working towards forest restoration and conservation of unique natural sites as
part of the Environment national project.
As for the
agro-industrial sector, we are focusing on the agricultural lands reclamation.
We are allocating quite a lot of money for this, because previously, some time
ago, these processes did not receive enough funding. This money is used for hydrotechnical
melioration, protection from wind erosion and desertification and a number of
Second, we are introducing modern regulations for organic products.
The new legislation will come into force on 1 January 2020. It includes a definition of organic products and sets out the national standards for organic production in Russia. It also stipulates the compilation of a register listing organic producers and providing information about them. This will facilitate the marketing of organic products both in Russia and abroad. Of course, we must also improve quality control.
Another sphere is the digitalisation of agriculture. We have just now discussed this subject with the FAO Director-General, who is attending this forum.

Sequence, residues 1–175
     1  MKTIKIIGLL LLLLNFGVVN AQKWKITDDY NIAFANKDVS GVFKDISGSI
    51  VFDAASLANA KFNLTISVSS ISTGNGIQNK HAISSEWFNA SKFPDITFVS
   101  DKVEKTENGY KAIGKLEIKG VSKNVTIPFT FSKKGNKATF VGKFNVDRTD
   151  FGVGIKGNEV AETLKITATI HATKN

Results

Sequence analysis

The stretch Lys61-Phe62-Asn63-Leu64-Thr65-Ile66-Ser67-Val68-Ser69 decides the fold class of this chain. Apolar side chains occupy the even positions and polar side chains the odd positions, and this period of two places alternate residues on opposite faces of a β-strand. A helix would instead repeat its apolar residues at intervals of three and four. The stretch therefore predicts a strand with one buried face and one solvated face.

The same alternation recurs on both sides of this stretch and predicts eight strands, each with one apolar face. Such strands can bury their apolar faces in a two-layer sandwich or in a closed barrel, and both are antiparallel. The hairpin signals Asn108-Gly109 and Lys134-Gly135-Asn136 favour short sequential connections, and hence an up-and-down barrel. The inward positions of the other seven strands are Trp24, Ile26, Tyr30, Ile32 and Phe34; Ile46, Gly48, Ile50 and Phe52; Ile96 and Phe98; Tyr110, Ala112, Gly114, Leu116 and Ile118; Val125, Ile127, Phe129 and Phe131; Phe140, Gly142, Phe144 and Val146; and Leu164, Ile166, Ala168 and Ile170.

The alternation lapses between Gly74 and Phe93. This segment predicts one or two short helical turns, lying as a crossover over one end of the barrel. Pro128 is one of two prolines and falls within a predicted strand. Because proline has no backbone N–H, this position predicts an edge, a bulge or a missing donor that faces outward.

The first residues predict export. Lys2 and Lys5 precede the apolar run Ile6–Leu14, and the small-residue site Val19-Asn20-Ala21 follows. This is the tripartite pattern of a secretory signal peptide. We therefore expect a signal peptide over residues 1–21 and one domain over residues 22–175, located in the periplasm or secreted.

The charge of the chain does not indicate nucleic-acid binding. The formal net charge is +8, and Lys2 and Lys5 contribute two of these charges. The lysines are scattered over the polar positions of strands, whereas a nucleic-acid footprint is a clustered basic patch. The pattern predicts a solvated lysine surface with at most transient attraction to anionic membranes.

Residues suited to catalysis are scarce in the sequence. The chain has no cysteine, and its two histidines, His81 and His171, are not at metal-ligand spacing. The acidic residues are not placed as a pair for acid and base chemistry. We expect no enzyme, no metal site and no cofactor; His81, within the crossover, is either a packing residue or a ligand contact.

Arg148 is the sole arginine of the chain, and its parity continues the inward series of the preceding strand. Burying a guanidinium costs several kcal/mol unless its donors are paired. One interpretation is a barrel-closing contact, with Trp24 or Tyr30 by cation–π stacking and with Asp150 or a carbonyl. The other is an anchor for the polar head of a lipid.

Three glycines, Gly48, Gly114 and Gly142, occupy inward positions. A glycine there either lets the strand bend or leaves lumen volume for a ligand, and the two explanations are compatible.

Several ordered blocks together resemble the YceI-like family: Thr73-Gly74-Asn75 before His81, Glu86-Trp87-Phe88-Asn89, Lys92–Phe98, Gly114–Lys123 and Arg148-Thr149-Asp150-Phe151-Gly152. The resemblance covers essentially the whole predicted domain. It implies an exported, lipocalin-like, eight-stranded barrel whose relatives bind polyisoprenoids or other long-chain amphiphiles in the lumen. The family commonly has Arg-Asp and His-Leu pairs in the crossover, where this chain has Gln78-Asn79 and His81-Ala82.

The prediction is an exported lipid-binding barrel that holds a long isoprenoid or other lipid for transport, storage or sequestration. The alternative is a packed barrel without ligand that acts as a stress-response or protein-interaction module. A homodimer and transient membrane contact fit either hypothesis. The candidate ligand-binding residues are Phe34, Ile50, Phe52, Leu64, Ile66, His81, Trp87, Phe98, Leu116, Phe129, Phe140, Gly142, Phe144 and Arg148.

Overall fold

Regarding digitalisation, a modern high-tech environment must be created for everyone in the agro-industrial sector so that the farmers have the opportunity to receive information in electronic form. This is necessary not only for industrialised countries, but also for the countries where the standards of technological development are below the required level.
Contacts with the authorities must be simplified, and, of course, a detailed database must be created about the situation in the agricultural industry as a whole. It must include both large companies and small farms, which together constitute agriculture.
We are working on this within the framework of the Digital Economy National Programme.
Last century, breakthrough achievements in the agriculture industry were hailed as the Green Revolution. That revolution has changed the lives of very many people. But our goals in the 21st century are different. We are creating so-called green brands. We are learning to combine intensive agricultural production with modern technology and environmental protection. We are closely monitoring production, marketing and consumption, a task which is no less challenging than the ones we had in the 20th century. Not to mention the fact that there are still places around the world were people starve or do not have enough to eat. We cannot remain indifferent to this; we must join forces with other countries to find a solution to this problem in the 21st century.
Our outstanding geneticist, Nikolai Vavilov, once said that one should take on as much as possible because it is the best way to accomplish as much as possible. This is true for any profession, including farming. In other words, we must not be wary of challenges because it is very interesting to find solutions to them.
Thank you. I wish your forum every success.